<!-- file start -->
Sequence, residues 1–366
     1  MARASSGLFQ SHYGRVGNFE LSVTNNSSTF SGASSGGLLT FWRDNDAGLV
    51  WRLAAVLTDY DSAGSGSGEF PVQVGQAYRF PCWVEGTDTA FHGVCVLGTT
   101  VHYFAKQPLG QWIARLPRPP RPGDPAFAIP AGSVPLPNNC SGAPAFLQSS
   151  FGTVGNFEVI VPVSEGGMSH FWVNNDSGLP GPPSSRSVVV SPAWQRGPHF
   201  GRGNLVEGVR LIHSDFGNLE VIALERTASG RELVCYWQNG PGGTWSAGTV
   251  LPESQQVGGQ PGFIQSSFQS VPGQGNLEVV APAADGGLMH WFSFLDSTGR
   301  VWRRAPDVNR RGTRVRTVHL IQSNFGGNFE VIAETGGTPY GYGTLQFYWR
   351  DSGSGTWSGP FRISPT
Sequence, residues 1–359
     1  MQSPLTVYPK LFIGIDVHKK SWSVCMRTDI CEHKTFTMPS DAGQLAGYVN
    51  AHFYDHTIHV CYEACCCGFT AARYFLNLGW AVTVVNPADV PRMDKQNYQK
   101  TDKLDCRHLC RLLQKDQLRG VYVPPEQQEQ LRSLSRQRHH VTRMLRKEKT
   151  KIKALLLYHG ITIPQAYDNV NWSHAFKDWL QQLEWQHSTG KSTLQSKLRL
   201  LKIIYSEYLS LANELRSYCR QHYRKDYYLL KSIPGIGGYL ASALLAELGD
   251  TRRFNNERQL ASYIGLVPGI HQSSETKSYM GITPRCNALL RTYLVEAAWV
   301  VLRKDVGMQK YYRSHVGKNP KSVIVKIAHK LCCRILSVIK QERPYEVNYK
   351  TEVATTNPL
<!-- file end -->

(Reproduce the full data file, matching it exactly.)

Sequence, residues 1–366
     1  MARASSGLFQ SHYGRVGNFE LSVTNNSSTF SGASSGGLLT FWRDNDAGLV
    51  WRLAAVLTDY DSAGSGSGEF PVQVGQAYRF PCWVEGTDTA FHGVCVLGTT
   101  VHYFAKQPLG QWIARLPRPP RPGDPAFAIP AGSVPLPNNC SGAPAFLQSS
   151  FGTVGNFEVI VPVSEGGMSH FWVNNDSGLP GPPSSRSVVV SPAWQRGPHF
   201  GRGNLVEGVR LIHSDFGNLE VIALERTASG RELVCYWQNG PGGTWSAGTV
   251  LPESQQVGGQ PGFIQSSFQS VPGQGNLEVV APAADGGLMH WFSFLDSTGR
   301  VWRRAPDVNR RGTRVRTVHL IQSNFGGNFE VIAETGGTPY GYGTLQFYWR
   351  DSGSGTWSGP FRISPT
Sequence, residues 1–359
     1  MQSPLTVYPK LFIGIDVHKK SWSVCMRTDI CEHKTFTMPS DAGQLAGYVN
    51  AHFYDHTIHV CYEACCCGFT AARYFLNLGW AVTVVNPADV PRMDKQNYQK
   101  TDKLDCRHLC RLLQKDQLRG VYVPPEQQEQ LRSLSRQRHH VTRMLRKEKT
   151  KIKALLLYHG ITIPQAYDNV NWSHAFKDWL QQLEWQHSTG KSTLQSKLRL
   201  LKIIYSEYLS LANELRSYCR QHYRKDYYLL KSIPGIGGYL ASALLAELGD
   251  TRRFNNERQL ASYIGLVPGI HQSSETKSYM GITPRCNALL RTYLVEAAWV
   301  VLRKDVGMQK YYRSHVGKNP KSVIVKIAHK LCCRILSVIK QERPYEVNYK
   351  TEVATTNPL